Friday 30 December 2011

Tasting/Recipe : Feeling Duvelish

In late February/early March of 2009, my wife and I went on a week-long trip to Belgium. Anything positive you have heard about this country is completely true, and, of course, the beer is outstanding. It was this trip that triggered my love of beer, and ultimately led to my passion/infatuation with brewing. While I have a lot of Belgium-beer moments in my memory, one of the clearest is when I had my first Duvel (pronounced DOO-vel, not Doo-VELLE) at a small beer bar in Bruges. Few would argue against it being THE penultimate Belgian Golden Strong Ale; in fact, it seems like Duvel actually STARTED the style.

I've tried several BGS ales since having my first Duvel, and while some have been quite impressive (such as Russian River's Damnation), most fall far short of the one that started it all. A bit spicey, with some fruity esters (especially pear, which helps distinguish it apart from others), it finishes moderately bitter, and bone dry. VERY carbonated, the beer supports a huge, long-lasting white head. The alcohol is amazingly deceptive, hence the name... most BGS ales have some form of the word "Devil" in their name.

I don't know why it took me so long to get around to brewing a Belgian Golden Strong myself, but in September I finally did, using the recipe from Brewing Classic Styles. Probably one of the simplest recipes (at least in terms of the grist and hop schedule) I've ever done, the real aspect that makes it stand out is the yeast. I went with Wyeast 1388 Belgian Strong Ale, which is similar to that used by the Duvel Moortgat brewery, providing that pear aroma/flavor that you look for in Duvel. The amount of table sugar may seem high, but you need it to dry the beer out and boost the alcohol level. The recipe called for the fermentation temperature to be raised gradually, to as high as 80 F... much higher than you'd normally use, but a lot of Belgian beer styles call for warm fermentations, to help bring out the spicey and fruity characters of the beers. Now that the beer has had a few months to mature in the bottle, I find it's really turned out quite well, and surprisingly close to Duvel itself.

Appearance: Poured with a large, white head that hangs around for quite awhile before finally fading to 1/2-finger. Body is a light yellow (the picture doesn't have enough light to show this), with excellent clarity. Bubbles jetting up to the top from the center bottom of the glass.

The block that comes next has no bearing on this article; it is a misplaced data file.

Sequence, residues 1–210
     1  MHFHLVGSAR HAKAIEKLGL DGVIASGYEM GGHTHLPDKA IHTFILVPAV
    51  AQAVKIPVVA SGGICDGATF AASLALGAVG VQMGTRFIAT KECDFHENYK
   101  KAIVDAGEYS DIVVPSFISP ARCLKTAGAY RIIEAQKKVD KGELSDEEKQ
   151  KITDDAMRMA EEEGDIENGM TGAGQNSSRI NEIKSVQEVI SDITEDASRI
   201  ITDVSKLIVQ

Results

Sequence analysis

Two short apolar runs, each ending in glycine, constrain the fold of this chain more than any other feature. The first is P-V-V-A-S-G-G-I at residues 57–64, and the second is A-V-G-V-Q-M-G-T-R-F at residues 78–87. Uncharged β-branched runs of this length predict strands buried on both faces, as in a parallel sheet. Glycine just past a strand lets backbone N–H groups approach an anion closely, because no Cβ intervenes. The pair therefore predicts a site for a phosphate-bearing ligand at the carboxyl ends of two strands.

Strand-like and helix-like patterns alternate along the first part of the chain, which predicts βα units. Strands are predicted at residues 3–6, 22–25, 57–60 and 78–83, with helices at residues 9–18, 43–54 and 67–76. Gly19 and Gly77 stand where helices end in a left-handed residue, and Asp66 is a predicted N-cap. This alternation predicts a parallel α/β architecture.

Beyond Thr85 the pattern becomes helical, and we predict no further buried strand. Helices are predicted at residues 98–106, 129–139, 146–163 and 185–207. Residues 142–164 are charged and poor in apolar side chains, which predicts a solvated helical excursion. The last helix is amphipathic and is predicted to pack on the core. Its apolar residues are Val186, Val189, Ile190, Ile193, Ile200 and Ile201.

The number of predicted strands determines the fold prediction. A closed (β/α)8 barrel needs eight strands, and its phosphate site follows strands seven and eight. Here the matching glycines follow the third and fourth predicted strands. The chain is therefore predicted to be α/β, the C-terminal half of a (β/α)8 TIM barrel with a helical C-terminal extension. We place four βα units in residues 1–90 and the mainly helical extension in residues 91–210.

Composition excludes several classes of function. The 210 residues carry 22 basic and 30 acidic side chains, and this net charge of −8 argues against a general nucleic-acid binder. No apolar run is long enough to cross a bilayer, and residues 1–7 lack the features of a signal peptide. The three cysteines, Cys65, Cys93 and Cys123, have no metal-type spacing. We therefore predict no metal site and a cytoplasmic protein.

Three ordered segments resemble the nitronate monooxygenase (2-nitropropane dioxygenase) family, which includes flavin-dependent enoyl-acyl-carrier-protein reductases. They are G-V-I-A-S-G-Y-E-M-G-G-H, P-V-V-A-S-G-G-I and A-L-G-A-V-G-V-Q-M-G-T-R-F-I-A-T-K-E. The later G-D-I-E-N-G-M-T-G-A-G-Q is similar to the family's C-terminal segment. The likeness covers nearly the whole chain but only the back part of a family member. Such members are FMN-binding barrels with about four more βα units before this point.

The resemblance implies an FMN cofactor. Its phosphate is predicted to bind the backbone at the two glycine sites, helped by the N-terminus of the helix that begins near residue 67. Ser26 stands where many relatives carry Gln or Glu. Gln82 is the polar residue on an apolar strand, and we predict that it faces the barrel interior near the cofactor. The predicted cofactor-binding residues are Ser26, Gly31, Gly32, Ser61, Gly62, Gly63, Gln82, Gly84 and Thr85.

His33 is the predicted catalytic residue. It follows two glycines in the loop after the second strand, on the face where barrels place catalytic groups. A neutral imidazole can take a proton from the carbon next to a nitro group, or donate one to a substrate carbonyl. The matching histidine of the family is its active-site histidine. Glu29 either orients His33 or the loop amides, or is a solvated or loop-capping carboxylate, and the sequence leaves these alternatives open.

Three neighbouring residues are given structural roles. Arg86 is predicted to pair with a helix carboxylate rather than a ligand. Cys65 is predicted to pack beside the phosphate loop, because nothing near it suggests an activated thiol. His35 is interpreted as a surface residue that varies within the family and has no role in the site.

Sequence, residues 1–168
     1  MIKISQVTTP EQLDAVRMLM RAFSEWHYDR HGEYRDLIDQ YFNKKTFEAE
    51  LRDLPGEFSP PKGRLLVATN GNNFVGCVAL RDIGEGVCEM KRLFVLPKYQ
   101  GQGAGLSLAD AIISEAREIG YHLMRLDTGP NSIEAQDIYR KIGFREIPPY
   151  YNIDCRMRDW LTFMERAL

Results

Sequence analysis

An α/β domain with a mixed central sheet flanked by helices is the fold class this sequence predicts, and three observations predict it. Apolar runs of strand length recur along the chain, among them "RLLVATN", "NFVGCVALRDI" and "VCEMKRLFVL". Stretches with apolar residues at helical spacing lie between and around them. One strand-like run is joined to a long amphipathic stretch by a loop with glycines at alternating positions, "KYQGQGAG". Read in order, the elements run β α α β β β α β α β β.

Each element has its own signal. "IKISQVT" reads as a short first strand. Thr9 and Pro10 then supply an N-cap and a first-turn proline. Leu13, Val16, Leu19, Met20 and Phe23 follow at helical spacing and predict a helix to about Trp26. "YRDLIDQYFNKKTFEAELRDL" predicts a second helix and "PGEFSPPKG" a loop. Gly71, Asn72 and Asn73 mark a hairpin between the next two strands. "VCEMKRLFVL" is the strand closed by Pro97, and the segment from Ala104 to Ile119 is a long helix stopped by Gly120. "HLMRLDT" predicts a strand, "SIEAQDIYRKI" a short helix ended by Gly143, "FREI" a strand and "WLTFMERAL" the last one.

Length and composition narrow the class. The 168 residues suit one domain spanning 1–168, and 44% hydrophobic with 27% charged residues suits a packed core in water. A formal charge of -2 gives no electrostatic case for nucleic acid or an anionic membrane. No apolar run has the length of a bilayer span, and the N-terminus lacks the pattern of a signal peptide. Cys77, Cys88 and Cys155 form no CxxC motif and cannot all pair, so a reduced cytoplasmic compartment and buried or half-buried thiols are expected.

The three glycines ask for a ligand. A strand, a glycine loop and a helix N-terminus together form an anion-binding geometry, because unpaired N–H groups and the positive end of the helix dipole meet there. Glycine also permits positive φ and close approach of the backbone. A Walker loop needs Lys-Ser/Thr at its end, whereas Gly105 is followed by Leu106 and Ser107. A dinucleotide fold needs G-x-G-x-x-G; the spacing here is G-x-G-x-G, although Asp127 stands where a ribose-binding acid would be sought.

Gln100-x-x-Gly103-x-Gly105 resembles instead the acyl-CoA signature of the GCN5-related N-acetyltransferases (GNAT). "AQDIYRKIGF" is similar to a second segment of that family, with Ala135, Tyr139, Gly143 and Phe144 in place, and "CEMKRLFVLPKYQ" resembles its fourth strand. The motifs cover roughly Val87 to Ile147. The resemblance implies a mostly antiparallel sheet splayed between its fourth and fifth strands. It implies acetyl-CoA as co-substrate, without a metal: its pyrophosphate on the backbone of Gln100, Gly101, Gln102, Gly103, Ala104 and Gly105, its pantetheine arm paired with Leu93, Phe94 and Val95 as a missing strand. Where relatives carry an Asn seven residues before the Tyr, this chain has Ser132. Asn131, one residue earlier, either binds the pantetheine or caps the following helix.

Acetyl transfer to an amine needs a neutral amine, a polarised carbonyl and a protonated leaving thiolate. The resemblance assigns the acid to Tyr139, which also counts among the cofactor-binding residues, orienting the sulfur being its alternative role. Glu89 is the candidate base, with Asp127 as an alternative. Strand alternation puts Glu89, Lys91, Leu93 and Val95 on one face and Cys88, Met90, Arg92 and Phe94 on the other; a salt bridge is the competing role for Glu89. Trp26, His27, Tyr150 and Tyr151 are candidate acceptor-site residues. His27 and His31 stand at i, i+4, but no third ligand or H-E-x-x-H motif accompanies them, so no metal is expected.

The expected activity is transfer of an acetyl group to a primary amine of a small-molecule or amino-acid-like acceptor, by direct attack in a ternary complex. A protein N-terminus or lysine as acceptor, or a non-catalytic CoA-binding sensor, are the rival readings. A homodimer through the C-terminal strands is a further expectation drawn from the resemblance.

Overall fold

Aroma: Aroma is fruity (apples and pears), with a background of phenolic spiciness. There is a hint of alcohol in the aroma as well.

Taste: Fruity and spicy... nice. I’d say the apple/pear flavor comes through first, followed by some spiciness and a very dry, moderately bitter finish.

Mouthfeel: Light-bodied, high carbonation. A bit prickly on the tongue as a result. A bit of alcohol warmth, but quite deceiving (as the style calls for).

Overall: I think I’m pretty happy with this beer... definitely improved over even a few weeks ago, especially in terms of the appearance (originally was a bit hazy, and the head dropped almost immediately).

(5.5 gallons, 80% efficiency): OG 1.075, FG 1.009, IBU 32.5, SRM 3.4

4.2 kg Bohemian Pilsner malt
1.36 kg table sugar

1. Saaz - 63 g (4.5% AA) @ 90 min

1/2 tsp yeast nutrient @ 15 min
1 tab Irish Moss @ 15 min

Yeast: Wyeast 1388 Belgian Strong Ale (PD Aug 15) (with a 1 L starter)

- Brewed Sept.12/11 by myself. 75-minute mash with 13.88 L of strike water, mashing in at 149 F. Sparged with 6 gallons of 168 F water for final volume of 7.25 gallons in the kettle. Both strike and sparge water treated with 1/4 tablet of Campden. 90 minute boil.

- Chilled down to 67 F with copper immersion chiller. OG a bit high, 1.050 (original recipe called for 1.047 before sugar addition). Pitched yeast, aerated by shaking for several minutes before and after.

- Fermentation started by the next day. Temps in the low 70s. After a couple of days, when fermentation started to visibly slow, I added 454 g of table sugar each day for 3 days. You can add the sugar during the boil, but this way the yeast gets used to breaking down more complex sugars that glucose before having the "dessert" of the table sugar, and it also means a smaller yeast starter is needed when pitching the yeast.

- Temp got as high as 78 F during active fermentation. Bottled after ~4 weeks in primary with 235 g table sugar, aiming for 4 vol CO2 for 5 gallons. Bottled 10 x 500 mL, 41 x 12 oz. Left in room at ~72 F for 2 weeks to carbonate.


  1. I brewed a similar beer last Feb. I didn't use Pilsner malt though. I used Wyeast Belgian Abbey Ale II and 10% corn sugar. I did turn out pretty good. I plan on brewing it again this fall and bottling it all to sit on new shelves in my basement. Thanks for the detailed recipe.



    1. I haven't used the Abbey Ale II before... sounds like a good one! I'll have to try another Belgian recipe soon to give it a try.